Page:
We have developed testkits that (almost) anyone can use. They are available for purchase at our testkit store. We also have training videos and a field guide. If you're near Ottawa, you can come pick your kit up!
Can I see some cool examples?
- Sheila Jones tracks e.coli at Brewery Creek
- Kat Kavanagh tracks wildlife and water quality at Lac McGlashan
- Dennis Hatfield tracks tons of parameters in Little Lagoon
Issues are a great way to track problems over time. Report things like pollution, algae blooms, water quality issues, shoreline alterations, wildlife problems (like excessive fish deaths), or other.
We create a timeline for your issue. You can report it to a group that accepts issues and they can help you solve it. You can also keep track of who you reported it to and when.
We encourage you to change your issue's status, and eventually resolve or close it. Resolving means that you fixed it, whereas closing it means that it disappeared on its own. For example, if it was garbage and you cleaned it up, it would be marked as resolved, whereas if an algae bloom disappeared, it would be marked as closed.
Can I see some cool examples?
- Mobile Baykeeper investigated an oil sheen on the water
- St. John's Riverkeeper is investigating submerged boats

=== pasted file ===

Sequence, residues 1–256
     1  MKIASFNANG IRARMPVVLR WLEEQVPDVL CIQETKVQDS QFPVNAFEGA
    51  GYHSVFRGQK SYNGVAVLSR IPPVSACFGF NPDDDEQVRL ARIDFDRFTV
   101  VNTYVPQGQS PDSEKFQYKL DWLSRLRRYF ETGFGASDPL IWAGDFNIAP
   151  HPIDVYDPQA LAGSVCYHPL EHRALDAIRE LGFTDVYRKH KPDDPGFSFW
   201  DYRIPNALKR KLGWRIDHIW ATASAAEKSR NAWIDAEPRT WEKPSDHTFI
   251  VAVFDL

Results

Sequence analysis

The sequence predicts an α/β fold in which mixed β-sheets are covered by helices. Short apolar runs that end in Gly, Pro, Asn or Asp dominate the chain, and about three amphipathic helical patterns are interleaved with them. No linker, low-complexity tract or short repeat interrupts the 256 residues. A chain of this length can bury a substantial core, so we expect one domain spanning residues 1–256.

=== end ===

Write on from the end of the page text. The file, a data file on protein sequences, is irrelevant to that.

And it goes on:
- Lac McGlashan reported sediment after a rainfall
All about groups
How do I start my own monitoring group?
Fill out this form and we'll get your started. It's free to have a group on our platform.
My group has some existing data we'd like to import...
We can help you import it so you'll have a nice base to get you started. Just contact us and we'll work with you to get that in.
What kinds of things can a group do?
As a group admin, you get to display information about your group, with links to any other websites or reports you may have. We allow you to recruit volunteers, and as admin you have the ability to confirm that they are part of your group.
You can also define what region you support. Just draw a shape on the map in your admin section, and people visiting your profile will know where you're based. You will also be notified if any new observations or issues are reported in that region.
Group admins can also decide if they would like issues reported to them. If you choose yes, then users can select you when they report things like pollution, algae blooms and more.
How groups can draw regions, and how to use the map filters.
Some great group examples
- Dog River Clearwater Revival
- Lac McGlashan et Girard
- Mobile Baykeeper Team
- Ottawa Riverkeeper Riverwatch Program
About water monitoring
Why is it important to monitor clean water sources?
Water systems are complex, and often by the time we notice problems, we might not have data on what they should look like. To understand if something is normal, we need a baseline.
Who are the Water Rangers?
We are a Canadian Registered non-profit based in Ottawa, Ontario. Our team love the water and want to use their technical skills to protect it. We are also a big believer in open-data, and that it can be presented in a way that is easy to understand for everyone. Learn more about us